At last week's AGM, the German promoters' association called for an "public campaign" to educate consumer about resale – followed by possible gov't intervention
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De Staat, Kensinton, Blaudzun and more have presented a manifesto demanding an end to resale-market "profiteering" from their tickets
By Jon Chapple on 21 Nov 2018
Some of the Netherlands’ most popular artists, including singer-songwriters Guus Meeuwis and Blaudzun and rock acts de Staat and Kensington, have written to culture minister Ingrid van Engelshoven to demand an end to high ticket prices on the secondary market.
The musicians, who are backed by the opposition Socialist Party (SP), on Monday presented a manifesto to van Engelshoven which called for action on touts, who reap profits from their shows while adding “nothing” to the music ecosystem.
“Our fans pay through the nose, but the profits go to someone who adds nothing – except annoyance [and] lots of frustration,” the manifesto, entitled Stop woekerhandel concertkaarten (Stop profiteering [from] concert tickets), reads.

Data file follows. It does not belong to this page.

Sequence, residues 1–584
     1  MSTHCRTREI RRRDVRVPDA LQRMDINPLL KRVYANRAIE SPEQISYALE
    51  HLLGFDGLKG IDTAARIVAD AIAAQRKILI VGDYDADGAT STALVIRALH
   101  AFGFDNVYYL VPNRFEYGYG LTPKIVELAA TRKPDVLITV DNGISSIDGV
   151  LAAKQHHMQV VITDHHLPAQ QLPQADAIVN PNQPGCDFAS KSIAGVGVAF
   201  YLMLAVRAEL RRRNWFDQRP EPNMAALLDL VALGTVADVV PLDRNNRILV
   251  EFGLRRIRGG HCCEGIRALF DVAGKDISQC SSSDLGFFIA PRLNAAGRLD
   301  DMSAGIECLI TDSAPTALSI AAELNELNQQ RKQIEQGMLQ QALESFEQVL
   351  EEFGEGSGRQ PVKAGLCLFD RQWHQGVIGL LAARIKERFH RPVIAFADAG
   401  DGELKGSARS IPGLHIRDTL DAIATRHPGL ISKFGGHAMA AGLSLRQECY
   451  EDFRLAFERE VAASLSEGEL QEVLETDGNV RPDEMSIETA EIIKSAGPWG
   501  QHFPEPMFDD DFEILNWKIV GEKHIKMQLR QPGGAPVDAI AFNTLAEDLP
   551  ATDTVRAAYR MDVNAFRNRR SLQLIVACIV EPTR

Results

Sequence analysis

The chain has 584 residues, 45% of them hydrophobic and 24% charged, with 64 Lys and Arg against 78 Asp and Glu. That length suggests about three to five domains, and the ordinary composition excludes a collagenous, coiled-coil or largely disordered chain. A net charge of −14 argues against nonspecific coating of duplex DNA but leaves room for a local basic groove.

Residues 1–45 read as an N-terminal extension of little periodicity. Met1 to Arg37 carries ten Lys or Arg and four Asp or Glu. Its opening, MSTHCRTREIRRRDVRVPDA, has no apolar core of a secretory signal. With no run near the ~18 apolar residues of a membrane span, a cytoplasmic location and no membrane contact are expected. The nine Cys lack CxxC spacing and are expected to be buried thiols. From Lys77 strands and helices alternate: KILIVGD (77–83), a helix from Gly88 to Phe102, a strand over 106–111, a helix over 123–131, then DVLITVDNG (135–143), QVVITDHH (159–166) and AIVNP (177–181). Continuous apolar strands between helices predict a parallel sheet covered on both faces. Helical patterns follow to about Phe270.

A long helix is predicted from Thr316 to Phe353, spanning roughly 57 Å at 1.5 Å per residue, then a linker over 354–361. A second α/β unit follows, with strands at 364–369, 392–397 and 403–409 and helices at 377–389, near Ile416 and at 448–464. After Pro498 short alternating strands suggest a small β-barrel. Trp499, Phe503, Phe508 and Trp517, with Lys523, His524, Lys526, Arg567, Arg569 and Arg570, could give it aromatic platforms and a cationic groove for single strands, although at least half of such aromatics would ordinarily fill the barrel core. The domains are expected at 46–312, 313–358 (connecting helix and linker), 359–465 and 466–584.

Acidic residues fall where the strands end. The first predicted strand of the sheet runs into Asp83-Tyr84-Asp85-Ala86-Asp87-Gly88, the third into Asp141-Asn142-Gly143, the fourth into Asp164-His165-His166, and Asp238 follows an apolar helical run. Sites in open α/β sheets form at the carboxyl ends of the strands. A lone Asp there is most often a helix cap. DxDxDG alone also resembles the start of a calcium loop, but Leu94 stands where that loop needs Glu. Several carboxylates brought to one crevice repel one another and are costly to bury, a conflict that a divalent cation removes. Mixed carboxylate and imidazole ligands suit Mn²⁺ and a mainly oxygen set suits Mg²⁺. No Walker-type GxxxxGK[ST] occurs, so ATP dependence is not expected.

“Performances are therefore becoming less accessible to the real fans, who can not always pay triple [the face value] for a ticket, so many seats are left empty unnecessarily.”
Among the solutions to countering ticket touting mentioned by the artists is the use of blockchain platform GUTS Tickets, which is gearing up for a 36-night run with Jochem Myjer at Amsterdam’s Royal Theatre Carré, in the largest blockchain ticket sale to date.
Van Engelshoven, the minister for education, culture and science, said in March she planned to discuss the issue with industry stakeholders, including Ticketmaster Netherlands, Mojo Concerts and promoters’ association VNPF, to see if any new legislation is needed to curb the problem.
According to Dutch public broadcaster NOS, van Engelshoven has yet to propose any legislation, with the minister believing that an outright ban on ticket touting is unenforceable. However, she hopes for a solution at a European level.
Dutch competition authority ACM dropped its investigation into alleged fraud in the secondary ticketing market in June 2016, after concluding that the regular public outcries over sold-out shows are a consequence of simple supply and demand, or “scarcity and popularity”.
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